Target Heart Rate Zones

So what is an ideal target heart rate to train in?

Your target heart rate zone is a wide range of acceptable numbers and where you train in the different zones depends on your fitness goals.

Polar FT60 Heart Rate Monitor

Are you training for a marathon, or just trying to stay in shape?

Are you training for a particular sport or just wanting to lose some weight?

Your heart rate can tell you a lot about your body. It can tell you what shape you are in, how much you have improved, and whether or not you have recovered from your last workout.

The word “aerobic” means “with oxygen.” At low intensities, aerobic metabolism dominates. As intensity increases, anaerobic (without oxygen) metabolism starts to contribute to the energy needs of the body.

The highest level of sustained intensity of exercise for which measurement of oxygen uptake can account for the entire energy requirement is known as anaerobic threshold.

Anaerobic threshold is the point when lactic acid begins to build up in the blood. Accumulation of lactic acid is a major contributor to fatigue.

When you're in poor physical shape, your body isn't very efficient at taking in oxygen, and you hit your anaerobic threshold while exercising at relatively low levels of exercise. As you become more fit you are able to go farther and faster, yet still supply oxygen to your muscles.

The body has two primary sources of fuel to use during exercise, fat and carbohydrate. With the improvements in muscles’ aerobic energy system with aerobic training, comes greater efficiency at using fat as an energy source during exercise.

Typically the target heart rate zones are a range of numbers that are between 50% and 100% of your heart rate maximum.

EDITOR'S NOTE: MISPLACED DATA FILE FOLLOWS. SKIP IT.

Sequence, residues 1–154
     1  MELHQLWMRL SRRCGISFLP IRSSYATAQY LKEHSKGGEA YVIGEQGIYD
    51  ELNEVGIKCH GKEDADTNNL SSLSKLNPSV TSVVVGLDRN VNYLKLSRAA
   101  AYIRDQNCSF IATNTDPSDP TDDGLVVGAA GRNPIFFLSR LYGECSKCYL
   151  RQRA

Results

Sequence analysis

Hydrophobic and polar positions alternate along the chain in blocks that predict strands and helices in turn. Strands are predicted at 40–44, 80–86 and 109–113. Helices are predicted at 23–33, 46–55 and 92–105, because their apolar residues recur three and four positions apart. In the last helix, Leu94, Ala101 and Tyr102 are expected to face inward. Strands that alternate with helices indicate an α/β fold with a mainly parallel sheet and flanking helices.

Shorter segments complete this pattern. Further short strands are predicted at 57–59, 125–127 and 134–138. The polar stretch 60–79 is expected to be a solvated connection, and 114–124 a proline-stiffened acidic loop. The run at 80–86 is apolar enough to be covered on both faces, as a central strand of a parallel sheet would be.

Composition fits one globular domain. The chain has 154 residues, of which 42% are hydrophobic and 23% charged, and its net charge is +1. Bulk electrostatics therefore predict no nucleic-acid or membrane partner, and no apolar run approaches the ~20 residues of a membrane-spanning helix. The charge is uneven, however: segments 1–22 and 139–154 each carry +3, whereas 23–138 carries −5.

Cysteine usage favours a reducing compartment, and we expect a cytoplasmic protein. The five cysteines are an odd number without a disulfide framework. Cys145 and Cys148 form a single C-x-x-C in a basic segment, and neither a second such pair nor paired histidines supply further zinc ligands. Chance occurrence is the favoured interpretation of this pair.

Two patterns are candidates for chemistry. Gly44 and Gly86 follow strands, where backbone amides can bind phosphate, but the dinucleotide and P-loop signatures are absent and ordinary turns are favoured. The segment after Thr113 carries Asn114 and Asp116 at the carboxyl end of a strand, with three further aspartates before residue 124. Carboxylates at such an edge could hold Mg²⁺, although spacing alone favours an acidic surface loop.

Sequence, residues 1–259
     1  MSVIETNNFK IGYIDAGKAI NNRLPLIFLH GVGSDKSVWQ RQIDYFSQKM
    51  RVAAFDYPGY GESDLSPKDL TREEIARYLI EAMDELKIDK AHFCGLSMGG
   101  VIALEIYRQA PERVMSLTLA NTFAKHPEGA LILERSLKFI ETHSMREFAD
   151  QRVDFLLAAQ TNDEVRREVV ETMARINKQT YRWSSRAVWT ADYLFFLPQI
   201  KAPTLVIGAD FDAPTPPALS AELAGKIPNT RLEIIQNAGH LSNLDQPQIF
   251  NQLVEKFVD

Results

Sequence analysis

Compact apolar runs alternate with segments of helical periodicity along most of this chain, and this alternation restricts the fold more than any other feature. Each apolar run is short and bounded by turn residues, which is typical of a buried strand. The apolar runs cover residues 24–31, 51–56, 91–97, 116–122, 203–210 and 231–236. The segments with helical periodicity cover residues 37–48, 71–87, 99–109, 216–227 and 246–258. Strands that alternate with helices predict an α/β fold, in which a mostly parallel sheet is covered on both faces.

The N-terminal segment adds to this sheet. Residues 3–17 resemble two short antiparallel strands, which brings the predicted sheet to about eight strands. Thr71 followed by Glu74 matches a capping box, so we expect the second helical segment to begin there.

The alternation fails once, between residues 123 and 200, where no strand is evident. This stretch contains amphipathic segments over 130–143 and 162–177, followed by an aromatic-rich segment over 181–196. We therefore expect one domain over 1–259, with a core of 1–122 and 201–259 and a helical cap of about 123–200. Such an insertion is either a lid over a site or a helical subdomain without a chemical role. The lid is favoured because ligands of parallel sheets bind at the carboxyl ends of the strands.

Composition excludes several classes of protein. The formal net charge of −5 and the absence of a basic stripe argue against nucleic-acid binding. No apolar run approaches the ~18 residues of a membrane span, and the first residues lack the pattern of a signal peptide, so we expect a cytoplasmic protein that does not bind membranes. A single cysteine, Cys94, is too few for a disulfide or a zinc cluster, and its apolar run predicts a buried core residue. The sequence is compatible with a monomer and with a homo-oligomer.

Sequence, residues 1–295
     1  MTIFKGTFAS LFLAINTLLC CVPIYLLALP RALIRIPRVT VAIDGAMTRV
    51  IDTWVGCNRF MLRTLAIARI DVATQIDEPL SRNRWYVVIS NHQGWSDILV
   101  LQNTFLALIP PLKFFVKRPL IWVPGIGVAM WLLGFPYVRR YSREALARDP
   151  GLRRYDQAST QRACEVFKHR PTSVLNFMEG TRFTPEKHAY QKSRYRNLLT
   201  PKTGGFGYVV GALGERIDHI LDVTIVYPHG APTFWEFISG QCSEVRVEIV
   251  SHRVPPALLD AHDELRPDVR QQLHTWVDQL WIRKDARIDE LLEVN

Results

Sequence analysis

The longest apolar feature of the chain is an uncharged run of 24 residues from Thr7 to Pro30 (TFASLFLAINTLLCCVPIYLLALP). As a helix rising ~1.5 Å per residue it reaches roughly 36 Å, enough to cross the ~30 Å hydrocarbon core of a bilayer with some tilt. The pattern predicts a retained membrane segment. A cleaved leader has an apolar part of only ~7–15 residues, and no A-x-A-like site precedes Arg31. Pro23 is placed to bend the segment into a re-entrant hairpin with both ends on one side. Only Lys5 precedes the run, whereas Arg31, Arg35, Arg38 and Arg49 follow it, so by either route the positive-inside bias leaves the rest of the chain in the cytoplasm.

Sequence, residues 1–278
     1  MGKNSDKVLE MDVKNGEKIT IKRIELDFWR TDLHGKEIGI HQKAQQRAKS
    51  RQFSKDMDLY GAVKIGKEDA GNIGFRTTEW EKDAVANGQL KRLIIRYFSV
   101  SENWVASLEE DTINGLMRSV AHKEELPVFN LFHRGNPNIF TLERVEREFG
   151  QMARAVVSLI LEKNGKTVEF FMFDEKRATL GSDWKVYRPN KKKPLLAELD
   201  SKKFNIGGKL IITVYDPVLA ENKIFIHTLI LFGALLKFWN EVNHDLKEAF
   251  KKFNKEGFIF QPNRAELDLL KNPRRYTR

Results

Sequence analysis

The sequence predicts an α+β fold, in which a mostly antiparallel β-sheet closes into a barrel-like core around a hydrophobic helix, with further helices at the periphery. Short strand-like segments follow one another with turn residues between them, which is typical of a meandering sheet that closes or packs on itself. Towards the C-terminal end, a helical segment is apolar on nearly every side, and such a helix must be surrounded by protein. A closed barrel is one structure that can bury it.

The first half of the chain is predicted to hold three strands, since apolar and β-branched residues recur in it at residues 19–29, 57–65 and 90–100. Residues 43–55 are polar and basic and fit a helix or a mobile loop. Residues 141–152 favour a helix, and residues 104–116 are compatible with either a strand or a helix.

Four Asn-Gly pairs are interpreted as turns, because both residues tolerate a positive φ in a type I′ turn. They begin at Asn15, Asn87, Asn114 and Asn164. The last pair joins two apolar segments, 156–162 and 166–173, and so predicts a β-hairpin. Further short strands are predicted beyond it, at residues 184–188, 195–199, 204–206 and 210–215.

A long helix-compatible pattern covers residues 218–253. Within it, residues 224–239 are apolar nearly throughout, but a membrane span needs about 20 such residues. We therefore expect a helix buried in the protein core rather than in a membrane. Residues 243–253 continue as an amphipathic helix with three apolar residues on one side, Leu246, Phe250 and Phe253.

Your maximum heart rate is the maximum number of times your heart should beat in a minute without dangerously over exerting yourself.

There are several ways to determine your maximum heart rate. The ideal way for someone that isn't in shape is to perform a sub max test.

Sub max tests are 1-10 minutes tests that get your heart rate to rise. At the end of the test you take your highest heart rate and add to that anywhere from 20bpm to 80bpm to determine your estimated heart rate maximum.

Sub max tests are called "sub-max", because they are far below your heart rate maximum.

Sub max tests are only an estimate, but they are better than using a formula to calculate your heart rate maximum. Using mathematical formulas have been shown to be inaccurate for many people.

If you use the typical formula of 220-age, be advised that this formula is not accurate for all people.

This formula assumes that your maximum heart rate declines with age, however that isn't true for all people, especially for those who are fit and stay fit.

Some heart rate monitors will use the 220-age to calculate your training zones. Most monitors will allow you to override that calculation and manually enter your own heart rate maximum.

Determining your individual heart rate maximum by performing a sub max test and then using that number to calculate your training zones is the most accurate.